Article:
Taking Measure of Charter Schools: Better Assessments, Better Policymaking, Better Schools - New Frontiers in Education (Paperback)
  • Taking Measure of Charter Schools: Better Assessments, Better Policymaking, Better Schools - New Frontiers in Education (Paperback)

Taking Measure of Charter Schools: Better Assessments, Better Policymaking, Better Schools - New Frontiers in Education (Paperback)

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Paperback 216 Pages / Published: 16/05/2010
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Charter schools offer something that public school systems, parents, and teachers need: a way to experiment with alternative ways of teaching, motivating students, organizing schools, using technology, and employing teachers. While people came down on both sides of support for or against charter schools, everyone was surprised by how difficult it was to assess charter school performance. The first part of this book focuses on how to improve estimates of charter schools' performance, especially their benefits to students who attend them; the second part suggests how policymakers can learn more about charter schools and make better use of evidence. The editors and authors suggest ways states and localities can improve the quality of data on which charter school studies are based and trace some of the ways charter school research influences policy.

Publisher: Rowman & Littlefield
ISBN: 9781607093596
Number of pages: 216
Weight: 349 g
Dimensions: 231 x 157 x 18 mm

Charter schools are by far the most important form of school choice in the U.S., yet making sense of the often conflicting research on their efficacy can be a daunting task. Julian Betts, Paul Hill, and the contributing authors clearly lay out the challenges in evaluating charter school performance, critically evaluate what existing research tells us (and doesn't tell us) about charters, and offer suggestions on how best to expand our knowledge of the successes and shortcomings of the charter school movement. This book is an invaluable guide for anyone interested in getting past the sometimes shrill debate over charter schools and truly understanding this prominent component of educational reform. -- Tim Sass, Charles and Joan Haworth Professor of Labor Economics, Department of Economics, Florida State University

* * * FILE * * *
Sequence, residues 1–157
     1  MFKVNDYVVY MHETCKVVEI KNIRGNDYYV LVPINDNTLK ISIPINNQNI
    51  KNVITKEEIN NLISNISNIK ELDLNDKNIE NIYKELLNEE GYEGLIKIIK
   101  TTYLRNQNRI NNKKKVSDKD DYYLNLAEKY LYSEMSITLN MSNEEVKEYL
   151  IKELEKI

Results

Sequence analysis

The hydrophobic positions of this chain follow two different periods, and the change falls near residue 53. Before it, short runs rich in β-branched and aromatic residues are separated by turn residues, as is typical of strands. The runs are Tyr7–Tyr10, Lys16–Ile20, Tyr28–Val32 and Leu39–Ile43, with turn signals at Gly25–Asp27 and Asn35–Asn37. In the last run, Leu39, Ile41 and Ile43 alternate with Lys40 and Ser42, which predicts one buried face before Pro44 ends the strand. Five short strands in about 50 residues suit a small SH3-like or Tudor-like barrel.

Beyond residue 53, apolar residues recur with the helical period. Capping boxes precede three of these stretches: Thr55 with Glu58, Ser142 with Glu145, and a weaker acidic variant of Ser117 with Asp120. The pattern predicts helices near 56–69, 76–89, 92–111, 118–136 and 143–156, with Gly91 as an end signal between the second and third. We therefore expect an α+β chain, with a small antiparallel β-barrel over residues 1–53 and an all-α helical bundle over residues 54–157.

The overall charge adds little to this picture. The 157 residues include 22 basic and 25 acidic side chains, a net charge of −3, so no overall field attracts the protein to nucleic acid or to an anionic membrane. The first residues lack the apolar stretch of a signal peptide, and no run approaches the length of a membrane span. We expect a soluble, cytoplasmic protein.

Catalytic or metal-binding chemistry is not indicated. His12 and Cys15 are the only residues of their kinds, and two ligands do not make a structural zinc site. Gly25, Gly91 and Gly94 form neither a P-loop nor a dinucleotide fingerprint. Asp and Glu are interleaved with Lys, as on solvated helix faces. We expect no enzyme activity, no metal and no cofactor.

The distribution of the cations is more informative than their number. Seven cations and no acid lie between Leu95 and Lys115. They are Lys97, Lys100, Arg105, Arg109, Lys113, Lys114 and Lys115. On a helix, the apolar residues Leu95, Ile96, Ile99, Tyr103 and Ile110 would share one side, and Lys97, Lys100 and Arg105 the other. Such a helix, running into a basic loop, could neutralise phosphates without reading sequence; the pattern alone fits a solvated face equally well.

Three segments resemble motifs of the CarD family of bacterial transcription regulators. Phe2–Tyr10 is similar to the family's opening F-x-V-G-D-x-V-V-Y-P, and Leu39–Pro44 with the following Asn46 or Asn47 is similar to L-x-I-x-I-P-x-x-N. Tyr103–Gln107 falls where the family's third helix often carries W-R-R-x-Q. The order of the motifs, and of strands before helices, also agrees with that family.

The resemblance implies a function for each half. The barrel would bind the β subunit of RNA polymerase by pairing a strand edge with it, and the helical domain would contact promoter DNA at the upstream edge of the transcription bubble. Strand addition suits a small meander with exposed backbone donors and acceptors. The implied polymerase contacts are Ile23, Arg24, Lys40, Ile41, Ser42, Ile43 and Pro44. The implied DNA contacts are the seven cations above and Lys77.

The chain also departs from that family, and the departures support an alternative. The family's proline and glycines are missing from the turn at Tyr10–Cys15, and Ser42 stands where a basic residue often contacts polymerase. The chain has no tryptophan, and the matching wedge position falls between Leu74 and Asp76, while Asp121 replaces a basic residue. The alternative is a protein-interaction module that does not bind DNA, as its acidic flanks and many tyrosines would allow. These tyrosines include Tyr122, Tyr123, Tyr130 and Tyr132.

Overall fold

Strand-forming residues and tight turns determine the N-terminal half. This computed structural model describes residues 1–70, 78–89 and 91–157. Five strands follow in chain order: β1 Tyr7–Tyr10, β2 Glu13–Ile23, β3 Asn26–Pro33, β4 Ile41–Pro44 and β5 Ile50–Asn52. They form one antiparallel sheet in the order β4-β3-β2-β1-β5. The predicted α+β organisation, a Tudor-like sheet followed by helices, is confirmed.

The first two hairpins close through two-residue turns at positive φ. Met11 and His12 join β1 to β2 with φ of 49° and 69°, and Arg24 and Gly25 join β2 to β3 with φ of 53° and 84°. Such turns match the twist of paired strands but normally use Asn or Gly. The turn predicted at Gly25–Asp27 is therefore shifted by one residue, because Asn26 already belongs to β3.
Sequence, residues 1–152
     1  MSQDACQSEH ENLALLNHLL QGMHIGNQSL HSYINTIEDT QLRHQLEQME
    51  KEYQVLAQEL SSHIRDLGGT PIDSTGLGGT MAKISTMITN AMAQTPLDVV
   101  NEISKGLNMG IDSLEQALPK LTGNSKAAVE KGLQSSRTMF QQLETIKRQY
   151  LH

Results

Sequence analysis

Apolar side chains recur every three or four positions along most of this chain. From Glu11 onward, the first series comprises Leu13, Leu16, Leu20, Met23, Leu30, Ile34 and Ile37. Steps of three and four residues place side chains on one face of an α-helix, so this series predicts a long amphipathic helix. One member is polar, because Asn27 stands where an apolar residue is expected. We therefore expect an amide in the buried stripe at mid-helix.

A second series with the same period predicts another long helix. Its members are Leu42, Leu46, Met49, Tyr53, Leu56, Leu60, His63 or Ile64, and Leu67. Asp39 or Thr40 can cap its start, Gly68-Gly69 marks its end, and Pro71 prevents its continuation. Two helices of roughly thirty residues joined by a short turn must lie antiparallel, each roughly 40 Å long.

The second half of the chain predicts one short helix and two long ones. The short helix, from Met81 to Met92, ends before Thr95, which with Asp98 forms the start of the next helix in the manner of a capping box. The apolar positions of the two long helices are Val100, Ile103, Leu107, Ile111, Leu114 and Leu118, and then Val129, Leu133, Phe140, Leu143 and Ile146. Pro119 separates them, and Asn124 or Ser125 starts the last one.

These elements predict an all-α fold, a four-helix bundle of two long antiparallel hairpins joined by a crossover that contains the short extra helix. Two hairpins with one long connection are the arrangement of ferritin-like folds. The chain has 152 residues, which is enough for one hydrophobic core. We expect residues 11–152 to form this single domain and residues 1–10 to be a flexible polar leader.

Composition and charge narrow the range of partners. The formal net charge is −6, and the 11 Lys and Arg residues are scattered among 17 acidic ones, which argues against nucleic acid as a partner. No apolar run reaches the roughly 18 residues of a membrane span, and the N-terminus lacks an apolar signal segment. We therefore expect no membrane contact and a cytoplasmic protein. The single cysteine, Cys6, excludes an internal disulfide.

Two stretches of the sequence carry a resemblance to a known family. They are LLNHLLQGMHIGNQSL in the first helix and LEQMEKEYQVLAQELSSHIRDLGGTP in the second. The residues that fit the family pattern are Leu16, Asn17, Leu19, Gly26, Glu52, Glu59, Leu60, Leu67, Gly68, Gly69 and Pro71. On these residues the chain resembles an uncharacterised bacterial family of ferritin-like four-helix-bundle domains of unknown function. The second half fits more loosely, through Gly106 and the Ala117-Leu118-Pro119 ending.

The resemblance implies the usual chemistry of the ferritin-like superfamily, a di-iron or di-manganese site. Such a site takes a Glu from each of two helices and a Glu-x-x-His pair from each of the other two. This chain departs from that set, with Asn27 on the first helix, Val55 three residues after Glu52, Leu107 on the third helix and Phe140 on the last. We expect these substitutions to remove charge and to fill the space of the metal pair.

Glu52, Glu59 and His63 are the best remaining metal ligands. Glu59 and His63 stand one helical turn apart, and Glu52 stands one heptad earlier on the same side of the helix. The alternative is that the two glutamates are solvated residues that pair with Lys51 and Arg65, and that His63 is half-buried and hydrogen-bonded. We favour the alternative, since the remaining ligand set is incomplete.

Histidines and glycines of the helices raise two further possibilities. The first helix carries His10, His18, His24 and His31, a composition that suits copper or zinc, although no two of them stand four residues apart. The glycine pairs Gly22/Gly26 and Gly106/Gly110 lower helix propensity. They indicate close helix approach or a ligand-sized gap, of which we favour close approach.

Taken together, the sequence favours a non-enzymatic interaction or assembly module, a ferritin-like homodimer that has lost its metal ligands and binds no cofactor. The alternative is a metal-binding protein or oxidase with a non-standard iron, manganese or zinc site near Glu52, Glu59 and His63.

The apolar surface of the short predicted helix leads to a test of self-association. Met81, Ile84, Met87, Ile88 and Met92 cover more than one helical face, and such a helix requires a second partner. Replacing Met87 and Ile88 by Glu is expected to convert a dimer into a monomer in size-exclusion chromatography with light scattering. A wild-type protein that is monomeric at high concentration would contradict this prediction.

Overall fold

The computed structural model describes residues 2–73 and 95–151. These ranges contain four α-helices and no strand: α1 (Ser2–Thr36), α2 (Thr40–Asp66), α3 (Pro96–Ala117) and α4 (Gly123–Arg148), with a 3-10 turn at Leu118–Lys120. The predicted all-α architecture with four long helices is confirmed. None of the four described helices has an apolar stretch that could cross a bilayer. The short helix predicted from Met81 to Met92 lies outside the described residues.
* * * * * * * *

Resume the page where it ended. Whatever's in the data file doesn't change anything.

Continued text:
Finally! Research on charter schools that goes beyond politics and beyond standardized test scores. This book is full of important information about charter schools: their teachers, long-term student outcomes, lotteries, and more. It shows the complexity of charter schools and the wide range of differences among them. It should put to rest the gross oversimplifications-both positive and negative-so often bandied about on the subject. I hope that it will be read by policymakers far and wide. -- Larry Rosenstock, chief executive officer, High Tech High, San Diego, California
Taking Measure of Charter Schools underscores the necessity of accumulating a reliable evidence base on the performance of charter schools, especially given the many questions, the different legal configurations, and the multiple purposes of chartering efforts. The editors demonstrate that getting good answers to questions about the capacity of these schools to advance demonstrable broad-based improvements in teaching and learning requires both intellectual tenacity and considerable analytic skill. -- Anthony S. Bryk, president, The Carnegie Foundation for the Advancement of Teaching
Taking Measure of Charter Schools, edited by Betts (Univ. of California, San Diego) and Hill (Univ. of Washington, Bothell), guides the reader through the contradictory labyrinth of the current state of charter school research. Its 11 chapters are divided into two parts, 'Improving Research on Charter Schools' and 'How Policymakers Can Make Better Use of Evidence.' Its genesis is the National Charter School Research Project and its Charter School Achievement Panel, on which both of its editors serve. The reader is introduced to a variety of school characteristics....These include selection of target groups, school maturation, teacher characteristics, the nature of admission lotteries, and alternate achievement indicators. The book gains in strength and focus as it progresses. The final several chapters are particularly useful in bringing together the information in the first several chapters. All in all, this is a book that rewards the reader for sticking with it. While it appears to be meant for an audience of policy makers, it is probably best read by researchers, who will find the effort well worth it. Summing Up: Recommended. * CHOICE *
Betts (economics, U. of California, San Diego) and Hill (Center on Reinventing Public Education, U. of Washington Bothell) compile 11 essays by education and economics scholars from the US who look at ways to measure the success of charter schools. The book is a result of an initiative by the National Charter School Research Project to review research and suggest ways parents, educators, and policy makers can assess charter school performance. Chapters consider how to improve estimates of performance, especially to benefit their students, and how policy makers can learn more about charter schools and make better use of evidence. They address achievement results, nontest outcomes, existing studies of achievement, selectivity bias, lotteries, maturation, data on teachers, state studies, the political uses of research, and ways to improve the quality of data. * Book News, Inc. *

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